One of the things that happens in college (especially in the later years) is you start to realize the difference between friends and acquaintances. At least I think the people who successfully make it through college do. You realize that you had a lot more acquaintances in high school than you did actual friends. You realize you hung out with some people in the dorms, not because you were great friends, but because you both liked to play video games and they were right down the hall.
That’s not to say friendships haven’t been formed this way. You’ll find out the next year when you move off campus and they move off campus out of walking distance from where you moved… and either you built a meaningful enough relationship to make the effort to stay in touch, or you didn’t.
If you didn’t, you’ll come to a few realizations on why you don’t hangout anymore: you’ll probably realize that neither of you ever really learned about each other’s families. You didn’t ever talk about a truly difficult time in your life. And though there’s probably more, the last one I’m adding to this list is the epiphany I’ve had about friendships in the last month— you’ll realize that you hardly ever– if not never– disagreed with each other.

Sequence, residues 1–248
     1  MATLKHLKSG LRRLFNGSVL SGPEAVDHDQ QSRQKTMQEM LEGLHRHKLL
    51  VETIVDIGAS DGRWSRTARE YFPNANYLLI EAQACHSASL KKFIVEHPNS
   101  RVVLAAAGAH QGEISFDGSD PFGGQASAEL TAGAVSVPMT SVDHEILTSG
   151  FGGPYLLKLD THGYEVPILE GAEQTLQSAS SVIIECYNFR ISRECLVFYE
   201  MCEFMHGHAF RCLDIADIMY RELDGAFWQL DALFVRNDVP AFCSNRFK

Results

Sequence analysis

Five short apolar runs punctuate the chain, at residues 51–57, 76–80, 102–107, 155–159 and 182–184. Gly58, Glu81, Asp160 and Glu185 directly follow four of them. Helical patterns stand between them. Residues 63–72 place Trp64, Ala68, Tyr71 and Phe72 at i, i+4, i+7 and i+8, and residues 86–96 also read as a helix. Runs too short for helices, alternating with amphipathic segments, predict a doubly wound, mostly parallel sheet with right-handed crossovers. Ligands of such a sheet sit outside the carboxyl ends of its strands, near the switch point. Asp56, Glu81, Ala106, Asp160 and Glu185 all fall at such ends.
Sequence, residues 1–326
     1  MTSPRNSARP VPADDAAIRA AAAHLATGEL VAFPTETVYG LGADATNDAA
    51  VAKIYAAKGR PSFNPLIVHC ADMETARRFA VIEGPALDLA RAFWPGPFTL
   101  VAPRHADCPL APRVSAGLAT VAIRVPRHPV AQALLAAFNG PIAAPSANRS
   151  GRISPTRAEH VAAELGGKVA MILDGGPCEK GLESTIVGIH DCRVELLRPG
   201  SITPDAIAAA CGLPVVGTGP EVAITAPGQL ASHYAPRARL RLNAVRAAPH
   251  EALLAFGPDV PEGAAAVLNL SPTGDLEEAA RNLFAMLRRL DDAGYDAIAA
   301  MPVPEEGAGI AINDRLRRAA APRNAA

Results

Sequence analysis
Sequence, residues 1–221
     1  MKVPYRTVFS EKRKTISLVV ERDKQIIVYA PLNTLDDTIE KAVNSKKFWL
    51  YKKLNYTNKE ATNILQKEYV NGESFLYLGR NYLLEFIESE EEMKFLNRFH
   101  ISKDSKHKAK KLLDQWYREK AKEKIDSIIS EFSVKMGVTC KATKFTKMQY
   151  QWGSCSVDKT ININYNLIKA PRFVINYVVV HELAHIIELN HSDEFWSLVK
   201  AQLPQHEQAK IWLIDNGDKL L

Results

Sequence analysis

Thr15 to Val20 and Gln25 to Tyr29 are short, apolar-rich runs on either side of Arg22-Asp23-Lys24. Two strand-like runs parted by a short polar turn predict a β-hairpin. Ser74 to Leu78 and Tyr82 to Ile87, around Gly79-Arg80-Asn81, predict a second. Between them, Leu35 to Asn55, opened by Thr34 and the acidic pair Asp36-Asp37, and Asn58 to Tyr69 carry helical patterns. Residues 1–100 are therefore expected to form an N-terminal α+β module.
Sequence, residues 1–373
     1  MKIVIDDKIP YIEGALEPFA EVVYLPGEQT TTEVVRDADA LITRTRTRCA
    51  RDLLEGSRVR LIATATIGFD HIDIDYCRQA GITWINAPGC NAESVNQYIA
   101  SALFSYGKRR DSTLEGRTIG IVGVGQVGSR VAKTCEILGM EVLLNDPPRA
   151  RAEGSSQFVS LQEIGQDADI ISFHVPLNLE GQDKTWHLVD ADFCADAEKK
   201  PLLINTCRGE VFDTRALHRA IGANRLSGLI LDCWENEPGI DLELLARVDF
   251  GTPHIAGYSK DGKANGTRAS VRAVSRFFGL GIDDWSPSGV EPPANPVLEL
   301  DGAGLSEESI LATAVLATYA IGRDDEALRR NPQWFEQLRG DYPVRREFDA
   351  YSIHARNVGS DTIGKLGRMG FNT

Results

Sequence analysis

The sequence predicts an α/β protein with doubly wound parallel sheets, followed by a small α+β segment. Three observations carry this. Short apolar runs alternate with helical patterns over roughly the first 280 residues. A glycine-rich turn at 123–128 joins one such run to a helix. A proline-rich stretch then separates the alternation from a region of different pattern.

The more I think about it, the more it rings truth. Good relationships are built on honesty right? So let’s be honest: we humans disagree on things constantly; most of the time we’re simply too frightened to voice our disagreement, but tell ourselves we’re just being polite.
Take my friend David for example—he is the friend at college I’d say I just flat out have the most in common with: we’re both the youngest children of big families. We’ve both lost a parent at a young age. We both like sports and competing. We both have hauntingly similar taste in music (even the stuff we listened to in high school when we didn’t know each other). We both like good beer and cocktails, economically feasible fashion and have similar approaches to the way we approach dating. Most importantly we both have the same beliefs about Jesus.
Yet even with all that in common, it seems like David and I have disagreements all, the, time! Sure we both like the same music, but we gripe about which song in particular should be played during a particular mood and moment.
David and I didn’t start seriously hanging out till last semester, yet he’s become one of my closest companions, and will be one my lasting friends from college. Why? Because we can be honest with each other. We can disagree. We know each other’s major character flaws (and everyone, everyone has major character flaws) and we feel comfortable calling those flaws out when they’re out of control.
You see, I think my generation, in the culture we grew up in, thinks that good friends live their own lives and only help each other up when the other is hurting. I’ve definitely done and thought this. And though the intentions are good, I don’t think it makes for a truly good friendship.
In college and your mid-twenties especially, it’s hard to flourish if you live separate lives. You have to do life together. It’s a scary, but exhilarating truth that in college, your friends really become your family. It’s a unique opportunity in your life, because it’s the time in between your actual families.